THE district’s top traffic cop has a warning for those who drink and drive this festive season.
‘‘If you’re one of the lucky ones, we’ll catch you before you kill someone,’’ Senior Sergeant Ian Brooks said.
‘‘If you’re not and you kill someone, it will be on your conscience for the rest of your life.
‘‘And if you injure or kill someone, you can expect to spend some time or the rest of your life in jail.’’
The warning from the head of Victoria Police’s Highway Patrol district 5 western division, which includes Campaspe, comes ahead of a busy Christmas holiday period on the roads.
And police have cause for concern — with an alarming number of drivers expected to drink and drive over the festive season – with many not even realising they are breaking the law.
A recent survey has found one in four Australians do not know what the drink-driving limit is while one in five admit to driving while over the alcohol limit of 0.05.
The survey of 2000 Australian drivers, carried out by Budget Direct, also found one in five admit they may have driven while over the limit and men are less aware of the rules than women and are more likely to drink and drive.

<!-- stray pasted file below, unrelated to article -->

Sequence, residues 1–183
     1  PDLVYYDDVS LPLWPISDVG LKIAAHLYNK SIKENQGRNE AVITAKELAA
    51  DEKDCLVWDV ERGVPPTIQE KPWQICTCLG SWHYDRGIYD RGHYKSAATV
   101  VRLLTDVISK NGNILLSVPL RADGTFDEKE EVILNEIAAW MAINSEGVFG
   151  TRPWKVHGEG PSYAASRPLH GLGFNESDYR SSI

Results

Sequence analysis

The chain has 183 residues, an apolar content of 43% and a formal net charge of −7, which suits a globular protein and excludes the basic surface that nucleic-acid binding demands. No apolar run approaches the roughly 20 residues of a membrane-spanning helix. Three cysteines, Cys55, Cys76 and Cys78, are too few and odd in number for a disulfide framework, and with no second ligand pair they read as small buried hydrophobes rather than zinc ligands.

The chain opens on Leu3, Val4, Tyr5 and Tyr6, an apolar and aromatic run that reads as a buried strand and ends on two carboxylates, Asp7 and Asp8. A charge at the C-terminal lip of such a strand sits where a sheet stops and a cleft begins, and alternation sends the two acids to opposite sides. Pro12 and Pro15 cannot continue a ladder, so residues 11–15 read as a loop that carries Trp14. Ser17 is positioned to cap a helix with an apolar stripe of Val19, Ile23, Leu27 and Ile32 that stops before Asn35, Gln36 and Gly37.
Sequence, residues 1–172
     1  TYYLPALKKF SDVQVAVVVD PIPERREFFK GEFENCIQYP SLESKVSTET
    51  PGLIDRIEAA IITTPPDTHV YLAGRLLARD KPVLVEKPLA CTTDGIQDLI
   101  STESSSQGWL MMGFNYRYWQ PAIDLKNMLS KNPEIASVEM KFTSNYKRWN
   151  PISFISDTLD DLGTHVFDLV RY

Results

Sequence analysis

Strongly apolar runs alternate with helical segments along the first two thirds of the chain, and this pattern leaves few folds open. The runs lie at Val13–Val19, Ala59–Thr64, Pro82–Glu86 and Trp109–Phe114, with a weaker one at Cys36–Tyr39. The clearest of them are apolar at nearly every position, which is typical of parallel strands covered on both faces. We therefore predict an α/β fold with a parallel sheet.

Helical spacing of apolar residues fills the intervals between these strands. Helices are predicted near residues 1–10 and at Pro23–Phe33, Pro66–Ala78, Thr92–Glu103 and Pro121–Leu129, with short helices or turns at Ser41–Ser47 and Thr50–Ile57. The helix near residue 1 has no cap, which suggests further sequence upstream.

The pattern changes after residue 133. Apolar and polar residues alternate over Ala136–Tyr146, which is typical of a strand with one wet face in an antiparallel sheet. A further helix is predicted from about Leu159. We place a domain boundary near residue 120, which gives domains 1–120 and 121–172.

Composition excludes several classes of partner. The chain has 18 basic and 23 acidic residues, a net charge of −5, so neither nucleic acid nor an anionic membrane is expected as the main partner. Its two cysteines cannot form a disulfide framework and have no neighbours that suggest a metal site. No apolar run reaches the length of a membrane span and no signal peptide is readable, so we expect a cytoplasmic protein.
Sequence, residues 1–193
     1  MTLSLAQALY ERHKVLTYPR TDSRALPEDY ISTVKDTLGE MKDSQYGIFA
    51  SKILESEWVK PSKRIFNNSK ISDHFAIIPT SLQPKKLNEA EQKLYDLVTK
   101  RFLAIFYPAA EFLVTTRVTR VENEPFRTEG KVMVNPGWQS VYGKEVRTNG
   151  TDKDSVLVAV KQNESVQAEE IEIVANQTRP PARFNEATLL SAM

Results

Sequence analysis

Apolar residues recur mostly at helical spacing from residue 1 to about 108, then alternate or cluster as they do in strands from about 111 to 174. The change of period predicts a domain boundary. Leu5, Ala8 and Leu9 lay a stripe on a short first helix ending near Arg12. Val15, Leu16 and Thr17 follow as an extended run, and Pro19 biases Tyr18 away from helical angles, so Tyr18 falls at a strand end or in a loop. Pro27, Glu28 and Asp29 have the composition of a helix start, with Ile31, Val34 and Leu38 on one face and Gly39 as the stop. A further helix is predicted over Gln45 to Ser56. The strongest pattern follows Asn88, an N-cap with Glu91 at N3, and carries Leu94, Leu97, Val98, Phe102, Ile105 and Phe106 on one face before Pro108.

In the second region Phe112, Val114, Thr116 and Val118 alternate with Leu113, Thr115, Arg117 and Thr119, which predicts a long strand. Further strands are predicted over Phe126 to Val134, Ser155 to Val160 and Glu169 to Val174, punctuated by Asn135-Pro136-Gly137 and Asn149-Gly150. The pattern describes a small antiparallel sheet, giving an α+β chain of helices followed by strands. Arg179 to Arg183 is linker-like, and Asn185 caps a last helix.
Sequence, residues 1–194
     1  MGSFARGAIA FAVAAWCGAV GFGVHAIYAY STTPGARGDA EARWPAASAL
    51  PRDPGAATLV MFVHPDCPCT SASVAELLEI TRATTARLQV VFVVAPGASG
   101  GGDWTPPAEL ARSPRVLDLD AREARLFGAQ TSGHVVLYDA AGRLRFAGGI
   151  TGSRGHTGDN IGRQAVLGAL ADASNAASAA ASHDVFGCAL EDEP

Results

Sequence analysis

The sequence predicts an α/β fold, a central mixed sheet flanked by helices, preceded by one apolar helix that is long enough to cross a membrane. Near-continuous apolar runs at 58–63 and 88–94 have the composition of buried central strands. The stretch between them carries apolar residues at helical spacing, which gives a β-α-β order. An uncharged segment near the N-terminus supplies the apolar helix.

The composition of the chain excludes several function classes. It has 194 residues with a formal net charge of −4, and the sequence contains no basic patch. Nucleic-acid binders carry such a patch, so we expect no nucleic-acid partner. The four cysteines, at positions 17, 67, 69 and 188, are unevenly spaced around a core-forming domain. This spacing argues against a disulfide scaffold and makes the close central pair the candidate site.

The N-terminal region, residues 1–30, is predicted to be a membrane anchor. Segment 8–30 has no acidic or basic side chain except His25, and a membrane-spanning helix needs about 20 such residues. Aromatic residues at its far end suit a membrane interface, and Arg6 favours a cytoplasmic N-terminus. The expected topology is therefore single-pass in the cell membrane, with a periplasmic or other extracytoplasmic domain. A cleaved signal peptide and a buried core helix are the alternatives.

‘‘It’s simple. Just don’t do it,’’ Snr Sgt Brooks said.
‘‘It’s not a risk worth taking.’’
Police will saturate the roads again this year as part of Operation Roadwise.
Last year, 14 people lost their life on the roads over the 24 days of the statewide operation.
‘‘We encourage everyone to do the right thing,’’ Snr Sgt Brooks said.
‘‘Make the effort over the festive season to put emergency services out of business because we really don’t want to come out to collisions.
‘‘Emergency services people have worked hard all year and we’d like a break. We don’t want to attend to this type of trauma because the effects are wide-ranging.’’
The Roadwise campaign started on Friday and runs until January 7 and will focus on reducing road trauma and improving road user behaviour.
Police will target the main causes of fatalities and serious injuries, including drink and drug drivers, excessive speed, mobile phone use, driver distraction, seatbelts and fatigue.